|Empty Red Wine Glasses in Panama|
March 2015 – There are no wineries in Panama, but there are plenty of wines in the restaurants, bars, grocery stores and occasional liquor store. Due to its location, linking Central America to South America, it is not surprising that the majority of the wine is from Chile and Argentina. However, we also found a large selection from Spain, and a few bottles from Australia and California – primarily Yellow Tail and Gallo brands, such as Barefoot and Apothic.
A positive is that the price for wine in Panama seemed quite reasonable, and you could purchase a basic glass of white or red wine from South America in most restaurants and bars for $5 to $7. There were also some more premium selections priced at $10 - $14 per glass. The currency is the US dollar, even though Panama has its own money called the “balboa.” However since this is matched to the US dollar, the majority of establishments use the dollar, but occasionally they will give you change in balboas. Credit cards are accepted in most restaurants.
I was in Panama with friends to attend a business conference and present a research paper. The temperatures in March average in the mid 90’s everyday, and for this reason we focused on drinking chilled white wines. However, I did see many people drinking red wine in the evenings around the bar and at restaurants. Of course the local Panamanian beer, Balboa, was always present as well as a plethora of mojitos and other tropical cocktails.
Three Bottles of Wine in Three Restaurants
We ended up buying three bottles of wines in different restaurants over the five days we were there. The first was an Argentinian sparkling rose called Bodega Norton Cosecha Especial for $40. We had this with sea bass in the Light House Restaurant at our hotel, the Intercontinental Playa Bonita. Both the service and the food was excellent, in a lovely setting overlooking the ocean, with white tablecloths, candlelight, and beautifully presented plates. Surprisingly the wine was not chilled though, so we had to wait about 15 minutes for it to rest in an ice bucket near our table. As I had tasted this wine previously, I was familiar with the fruity medium-bodied bubbly, which was clearly New World in style. Later I was given a tour of the restaurant’s impressive wine cellar that proudly featured Concho Y Toro’s top of the line wine, Don Melchor.
The second bottle was at The Jazz Club in the old section of Panama City. The club is located inside the American Trade Hotel, and we ended up having dinner outside in a small alley next to the club. The reason for this was because when we arrived, we discovered that Wynton Marsalis was scheduled to play there in two hours. Since the club was small there were no tickets left to purchase, but we were told if we wanted to sit in the patio for dinner, we could still listen to him play. Obviously we jumped at the chance and ended up having an excellent dinner. This time I had local prawns served in a red sauce that reminded me a bit of a New Orleans dish. We ordered a bottle of 2013 Masi Tupengato Paslo Blanco from the Uco Valley of Argentina for $36. It was a strange blend of Pinot Grigio and Torrentes that was rather heavy on the palate and minerally in character – more like a Semillon. It lacked the floral notes we were expecting from those two varietals.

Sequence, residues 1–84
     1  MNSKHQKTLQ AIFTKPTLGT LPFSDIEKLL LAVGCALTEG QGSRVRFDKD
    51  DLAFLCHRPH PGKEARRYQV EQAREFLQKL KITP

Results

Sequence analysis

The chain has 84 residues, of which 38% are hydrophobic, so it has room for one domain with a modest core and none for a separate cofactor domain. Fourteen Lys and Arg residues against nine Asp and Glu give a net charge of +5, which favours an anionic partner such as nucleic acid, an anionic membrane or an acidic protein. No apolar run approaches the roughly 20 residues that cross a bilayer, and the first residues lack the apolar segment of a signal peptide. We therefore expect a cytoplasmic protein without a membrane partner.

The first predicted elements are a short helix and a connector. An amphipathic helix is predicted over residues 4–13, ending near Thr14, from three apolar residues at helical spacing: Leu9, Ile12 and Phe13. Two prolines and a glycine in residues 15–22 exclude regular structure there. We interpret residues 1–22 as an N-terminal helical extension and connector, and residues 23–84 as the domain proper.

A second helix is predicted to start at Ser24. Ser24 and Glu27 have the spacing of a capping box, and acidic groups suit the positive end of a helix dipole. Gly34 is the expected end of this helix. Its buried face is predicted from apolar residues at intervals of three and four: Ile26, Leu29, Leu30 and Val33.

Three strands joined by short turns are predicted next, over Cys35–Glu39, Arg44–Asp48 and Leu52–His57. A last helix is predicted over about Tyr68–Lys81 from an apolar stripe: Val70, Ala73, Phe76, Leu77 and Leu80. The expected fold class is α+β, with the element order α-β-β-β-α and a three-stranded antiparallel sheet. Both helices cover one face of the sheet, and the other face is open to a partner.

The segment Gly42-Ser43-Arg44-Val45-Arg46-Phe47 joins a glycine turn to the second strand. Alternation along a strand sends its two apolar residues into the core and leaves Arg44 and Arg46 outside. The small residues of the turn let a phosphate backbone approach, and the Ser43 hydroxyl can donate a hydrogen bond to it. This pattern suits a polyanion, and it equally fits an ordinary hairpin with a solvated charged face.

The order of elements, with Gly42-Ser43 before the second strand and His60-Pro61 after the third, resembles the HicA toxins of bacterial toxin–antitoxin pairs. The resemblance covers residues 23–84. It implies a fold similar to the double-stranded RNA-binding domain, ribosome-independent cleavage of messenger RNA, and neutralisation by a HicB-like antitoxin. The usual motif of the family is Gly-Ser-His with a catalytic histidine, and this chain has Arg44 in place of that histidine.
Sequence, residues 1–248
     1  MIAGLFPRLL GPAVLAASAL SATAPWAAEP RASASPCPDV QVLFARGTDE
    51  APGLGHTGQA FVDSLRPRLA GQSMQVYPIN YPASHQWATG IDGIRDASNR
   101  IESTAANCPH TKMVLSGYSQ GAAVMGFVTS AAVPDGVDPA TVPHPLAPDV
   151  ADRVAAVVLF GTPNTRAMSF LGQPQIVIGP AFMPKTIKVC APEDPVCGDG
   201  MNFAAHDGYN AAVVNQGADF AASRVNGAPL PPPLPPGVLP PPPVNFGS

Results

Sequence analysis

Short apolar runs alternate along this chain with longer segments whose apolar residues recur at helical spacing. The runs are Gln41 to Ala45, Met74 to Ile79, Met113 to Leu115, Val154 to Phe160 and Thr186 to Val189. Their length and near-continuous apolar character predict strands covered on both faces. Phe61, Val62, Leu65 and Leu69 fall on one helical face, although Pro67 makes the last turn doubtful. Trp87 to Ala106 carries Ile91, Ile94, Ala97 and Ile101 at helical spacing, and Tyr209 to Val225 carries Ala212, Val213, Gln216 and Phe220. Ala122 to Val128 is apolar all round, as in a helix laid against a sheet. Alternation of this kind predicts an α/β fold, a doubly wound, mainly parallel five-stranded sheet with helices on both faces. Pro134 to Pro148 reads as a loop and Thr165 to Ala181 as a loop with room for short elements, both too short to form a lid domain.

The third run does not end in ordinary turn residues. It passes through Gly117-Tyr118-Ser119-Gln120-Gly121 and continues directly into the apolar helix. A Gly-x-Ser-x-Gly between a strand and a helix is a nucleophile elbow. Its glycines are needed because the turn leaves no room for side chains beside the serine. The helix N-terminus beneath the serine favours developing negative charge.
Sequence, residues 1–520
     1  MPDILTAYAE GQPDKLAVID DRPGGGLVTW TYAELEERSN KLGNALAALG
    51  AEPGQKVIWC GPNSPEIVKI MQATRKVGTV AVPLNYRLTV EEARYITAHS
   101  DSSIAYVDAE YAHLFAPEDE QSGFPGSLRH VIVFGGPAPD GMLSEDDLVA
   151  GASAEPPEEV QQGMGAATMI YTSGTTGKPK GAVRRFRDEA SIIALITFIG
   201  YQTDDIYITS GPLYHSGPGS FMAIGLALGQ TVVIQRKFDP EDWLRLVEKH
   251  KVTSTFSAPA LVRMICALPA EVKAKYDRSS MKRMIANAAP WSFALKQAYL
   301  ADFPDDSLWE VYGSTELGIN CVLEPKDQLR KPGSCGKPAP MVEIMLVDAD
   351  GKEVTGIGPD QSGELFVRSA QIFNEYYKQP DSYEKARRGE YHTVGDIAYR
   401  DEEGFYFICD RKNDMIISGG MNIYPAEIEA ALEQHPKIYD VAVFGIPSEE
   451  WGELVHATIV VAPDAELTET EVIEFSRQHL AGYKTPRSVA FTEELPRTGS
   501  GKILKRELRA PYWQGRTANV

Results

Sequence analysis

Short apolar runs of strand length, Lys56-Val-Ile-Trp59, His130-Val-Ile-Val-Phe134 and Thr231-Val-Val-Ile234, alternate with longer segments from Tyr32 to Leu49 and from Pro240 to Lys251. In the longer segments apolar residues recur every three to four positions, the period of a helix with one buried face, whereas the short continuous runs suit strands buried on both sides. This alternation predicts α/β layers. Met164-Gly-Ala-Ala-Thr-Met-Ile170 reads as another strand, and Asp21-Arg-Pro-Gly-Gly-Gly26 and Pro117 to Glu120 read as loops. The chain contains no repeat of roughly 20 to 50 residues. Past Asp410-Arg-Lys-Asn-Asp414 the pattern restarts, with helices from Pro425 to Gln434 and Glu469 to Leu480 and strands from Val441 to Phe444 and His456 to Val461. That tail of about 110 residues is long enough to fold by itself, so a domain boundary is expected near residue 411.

The third bottle was a 2013 Marques de Riscal Blanco from Spain for $26, that was a blend of Verdejo and Viura. It was crisp, lemony and very refreshing – perfect for the sea bass with prawns I had on our last evening at Alberto Restaurant on the Amador
|Somm at Alberto's|
Cuisine of Panama
|Sea Bass With Plaintain & Sparkling Rose|
In addition to fresh seafood, Panama has some excellent local dishes, which I had a chance to try at our hotel as well as at local restaurants and food stands. I found the food much more interesting here than in Costa Rica, where they don’t use any spices. Panama has some spicy food, and a compelling blend of cultures that has allowed them to develop a national cuisine. From the many native tribes that still reside in Panama, to the Spanish explorers settling here in the 1500’s, and the West Indians who came to build the Panama Canal, some delicious dishes have evolved. Following are several examples:
· Empanadas: made of pie dough and stuffed with cheese, meats, and/or vegetables. May be baked or fried.
· Bollos: made with corn dough and wrapped in plantain leaves. May also be stuffed with beef.
· Patacones – sliced green plantains that are fried as small disks; similar to potato chips.
· Ceviche: raw fish cooked in lime juice with herbs, garlic and onion.
They also eat many dishes which are similar to those found in Mexico, such as tamales, rice, refried beans, enchiladas, and tres leches cake. Fresh seafood and fruit is abundant, and chicken, beef, and pork are common.